Originally Posted by slycedbred
I know what you're saying...After hearing about some of these niche scents, I ordered some samples from luckyscent...I got cdg (anbar and vetiver), cedre blanc by someone or another, Mark Birley and Divine l'homme sage...cedre blanc made me gag every time I smelled it, I liked Mark Birley, but it was just like any other generic scent to me. I loved Divine sooo much, but no one else liked it. I desperately wanted to like the cdg's and they did eventually grow on me...But for my purposes it just wasnt practical...and about making a "statement", I'm not so sure because even in the niche market it seems theres just a lot of "copycating" with not much originality. Every comment I see on luckyscent about a certain scent, someone else will be like OMG ____ is just like ____ except worse/better!!!11 And anyways, I don't adhere to the belief that different for the sake of difference is not always (if ever) better...
My conclusion, MOST niche fragrances are like women's "fashion"
I disagree. I don't think you should give up on niche fragnances all together after smelling only 5 and then not even the 5 better known as the representatives of typical niche. Your wallet will be happier though.
Some "niche" (the definition is not clear cut BTW) houses like Creed have been producing the same fragnance for decades or even centuries (with some reformulations I am sure) and they certainly qualify as classic as opposed to fashionable. Creed has cought some flak lately for promoting their association with celebrities but the celebrities in question are usually long dead and usually the "classier" type.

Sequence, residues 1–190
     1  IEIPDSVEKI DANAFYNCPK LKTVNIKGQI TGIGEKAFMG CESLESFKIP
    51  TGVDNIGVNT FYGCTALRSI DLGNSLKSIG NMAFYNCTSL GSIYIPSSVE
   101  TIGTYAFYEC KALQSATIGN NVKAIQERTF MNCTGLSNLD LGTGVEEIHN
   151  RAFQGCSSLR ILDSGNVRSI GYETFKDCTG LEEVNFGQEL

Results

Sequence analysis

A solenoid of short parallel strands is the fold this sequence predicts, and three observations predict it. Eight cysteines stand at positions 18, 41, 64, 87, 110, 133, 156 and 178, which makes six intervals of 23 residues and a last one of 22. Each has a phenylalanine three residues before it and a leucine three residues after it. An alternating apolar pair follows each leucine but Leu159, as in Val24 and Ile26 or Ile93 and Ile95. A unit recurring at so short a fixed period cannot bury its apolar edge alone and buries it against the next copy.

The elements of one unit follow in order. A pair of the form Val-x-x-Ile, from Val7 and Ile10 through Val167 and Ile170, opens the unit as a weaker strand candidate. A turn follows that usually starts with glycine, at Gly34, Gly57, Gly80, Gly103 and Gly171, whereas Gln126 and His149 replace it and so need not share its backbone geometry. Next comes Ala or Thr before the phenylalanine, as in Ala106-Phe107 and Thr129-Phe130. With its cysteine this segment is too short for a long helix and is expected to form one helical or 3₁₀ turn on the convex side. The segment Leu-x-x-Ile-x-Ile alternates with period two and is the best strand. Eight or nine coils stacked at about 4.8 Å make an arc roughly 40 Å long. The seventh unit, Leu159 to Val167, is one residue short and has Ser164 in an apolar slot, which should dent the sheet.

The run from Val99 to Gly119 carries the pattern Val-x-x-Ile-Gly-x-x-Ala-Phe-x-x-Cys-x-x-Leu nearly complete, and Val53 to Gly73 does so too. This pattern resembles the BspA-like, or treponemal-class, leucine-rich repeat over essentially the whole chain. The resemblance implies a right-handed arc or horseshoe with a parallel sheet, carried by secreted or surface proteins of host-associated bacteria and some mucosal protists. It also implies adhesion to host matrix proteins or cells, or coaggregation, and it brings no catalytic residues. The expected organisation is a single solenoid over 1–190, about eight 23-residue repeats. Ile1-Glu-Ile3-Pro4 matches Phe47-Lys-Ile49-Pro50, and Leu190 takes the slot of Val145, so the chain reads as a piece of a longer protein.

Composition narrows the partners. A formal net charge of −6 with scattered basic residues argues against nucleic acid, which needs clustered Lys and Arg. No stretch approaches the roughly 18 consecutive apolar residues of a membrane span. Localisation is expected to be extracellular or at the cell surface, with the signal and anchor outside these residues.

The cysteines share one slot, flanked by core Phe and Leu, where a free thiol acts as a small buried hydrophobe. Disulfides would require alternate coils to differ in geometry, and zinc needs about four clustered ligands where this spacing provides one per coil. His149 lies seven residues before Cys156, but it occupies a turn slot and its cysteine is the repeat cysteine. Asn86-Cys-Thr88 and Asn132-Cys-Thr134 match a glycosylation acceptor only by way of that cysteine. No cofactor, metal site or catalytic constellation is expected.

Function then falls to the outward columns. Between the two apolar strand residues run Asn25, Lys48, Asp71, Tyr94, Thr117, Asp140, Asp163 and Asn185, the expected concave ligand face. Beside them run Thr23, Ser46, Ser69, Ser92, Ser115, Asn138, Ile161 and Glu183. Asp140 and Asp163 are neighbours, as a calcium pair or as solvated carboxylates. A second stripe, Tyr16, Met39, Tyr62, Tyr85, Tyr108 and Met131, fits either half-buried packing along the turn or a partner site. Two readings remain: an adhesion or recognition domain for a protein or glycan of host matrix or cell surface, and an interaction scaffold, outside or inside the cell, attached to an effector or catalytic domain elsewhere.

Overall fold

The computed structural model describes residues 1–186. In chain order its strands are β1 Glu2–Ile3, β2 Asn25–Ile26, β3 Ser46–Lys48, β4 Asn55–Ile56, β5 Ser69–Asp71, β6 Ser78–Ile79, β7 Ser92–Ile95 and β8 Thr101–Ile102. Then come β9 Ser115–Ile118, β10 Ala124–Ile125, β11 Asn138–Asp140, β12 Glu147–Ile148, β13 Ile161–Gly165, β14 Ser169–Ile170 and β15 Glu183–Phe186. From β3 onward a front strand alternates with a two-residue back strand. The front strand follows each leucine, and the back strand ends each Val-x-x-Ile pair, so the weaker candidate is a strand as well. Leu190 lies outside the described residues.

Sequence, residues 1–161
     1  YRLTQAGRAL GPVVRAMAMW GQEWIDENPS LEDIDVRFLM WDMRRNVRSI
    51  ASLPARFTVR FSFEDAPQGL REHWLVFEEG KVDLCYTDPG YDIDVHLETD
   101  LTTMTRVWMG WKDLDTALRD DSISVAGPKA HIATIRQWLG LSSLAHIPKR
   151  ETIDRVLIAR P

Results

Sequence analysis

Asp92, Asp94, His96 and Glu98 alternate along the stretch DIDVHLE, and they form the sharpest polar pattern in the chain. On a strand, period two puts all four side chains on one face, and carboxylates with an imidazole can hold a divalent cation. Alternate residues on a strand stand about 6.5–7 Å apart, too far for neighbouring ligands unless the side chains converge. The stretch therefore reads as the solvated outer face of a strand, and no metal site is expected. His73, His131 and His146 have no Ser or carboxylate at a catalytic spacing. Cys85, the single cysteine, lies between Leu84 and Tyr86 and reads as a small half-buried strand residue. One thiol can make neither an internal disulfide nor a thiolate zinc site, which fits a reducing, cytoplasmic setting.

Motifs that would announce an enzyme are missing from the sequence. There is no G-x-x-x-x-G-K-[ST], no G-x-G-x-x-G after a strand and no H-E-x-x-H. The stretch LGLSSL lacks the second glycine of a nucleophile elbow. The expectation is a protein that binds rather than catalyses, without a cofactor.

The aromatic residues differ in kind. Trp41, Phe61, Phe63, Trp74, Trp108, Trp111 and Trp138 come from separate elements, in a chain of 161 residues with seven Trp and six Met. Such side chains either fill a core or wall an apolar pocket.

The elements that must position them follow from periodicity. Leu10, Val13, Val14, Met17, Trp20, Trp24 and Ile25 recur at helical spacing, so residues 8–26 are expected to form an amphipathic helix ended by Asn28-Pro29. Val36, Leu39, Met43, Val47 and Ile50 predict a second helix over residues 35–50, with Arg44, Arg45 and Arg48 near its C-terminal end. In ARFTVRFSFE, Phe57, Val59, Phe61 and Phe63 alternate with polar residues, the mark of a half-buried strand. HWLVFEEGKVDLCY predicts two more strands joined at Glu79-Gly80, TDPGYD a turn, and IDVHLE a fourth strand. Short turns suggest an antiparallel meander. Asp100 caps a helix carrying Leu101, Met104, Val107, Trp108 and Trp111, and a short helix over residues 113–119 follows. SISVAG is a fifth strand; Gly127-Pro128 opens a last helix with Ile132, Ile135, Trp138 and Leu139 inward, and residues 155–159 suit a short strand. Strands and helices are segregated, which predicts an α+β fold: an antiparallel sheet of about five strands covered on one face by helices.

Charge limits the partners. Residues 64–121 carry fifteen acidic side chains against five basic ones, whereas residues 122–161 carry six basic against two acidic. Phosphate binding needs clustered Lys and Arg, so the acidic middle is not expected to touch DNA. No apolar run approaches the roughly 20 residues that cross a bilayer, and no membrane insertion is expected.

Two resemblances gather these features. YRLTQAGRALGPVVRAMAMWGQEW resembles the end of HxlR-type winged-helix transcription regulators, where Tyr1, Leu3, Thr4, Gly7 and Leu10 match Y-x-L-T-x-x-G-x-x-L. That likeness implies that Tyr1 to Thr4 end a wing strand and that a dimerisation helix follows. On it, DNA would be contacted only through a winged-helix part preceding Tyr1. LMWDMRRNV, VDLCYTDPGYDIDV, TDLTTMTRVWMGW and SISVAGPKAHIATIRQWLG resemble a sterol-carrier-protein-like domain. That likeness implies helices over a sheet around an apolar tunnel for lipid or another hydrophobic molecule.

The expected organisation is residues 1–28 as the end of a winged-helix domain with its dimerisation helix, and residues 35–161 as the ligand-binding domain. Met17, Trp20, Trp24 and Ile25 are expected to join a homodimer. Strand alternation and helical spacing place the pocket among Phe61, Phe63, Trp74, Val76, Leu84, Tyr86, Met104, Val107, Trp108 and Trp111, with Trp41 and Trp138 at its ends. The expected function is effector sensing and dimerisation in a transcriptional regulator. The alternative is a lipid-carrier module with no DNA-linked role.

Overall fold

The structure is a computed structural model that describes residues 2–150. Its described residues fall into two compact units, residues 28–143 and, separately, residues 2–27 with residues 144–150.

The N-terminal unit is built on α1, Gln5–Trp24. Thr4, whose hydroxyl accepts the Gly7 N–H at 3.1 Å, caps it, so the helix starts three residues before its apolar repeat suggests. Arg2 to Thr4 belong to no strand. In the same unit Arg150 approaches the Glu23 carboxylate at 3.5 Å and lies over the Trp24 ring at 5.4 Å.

I think it is the mainstream fragances that are most like "women's fashion". Each celebrity of the moment (Britney Spears, Sarah Jessica Parker, Paris Hilton, Gwen Stephani, Orange County Choppers!!, etc..) feels entitled to license their name to one or more fragnances developed by one of the big cosmetic companies. There are about 200 new fragnaces released each year and most of them just re-hash the same old themes designed to elicit "nice" comments from majority of the population and not offend anyone.
Smaller, "niche" fragance companies can afford to take chances and let their parfumers really go all out. Some people may hate them but noone is left feeling indiffferent. Parfumes Frederic Malle is one example of such a company.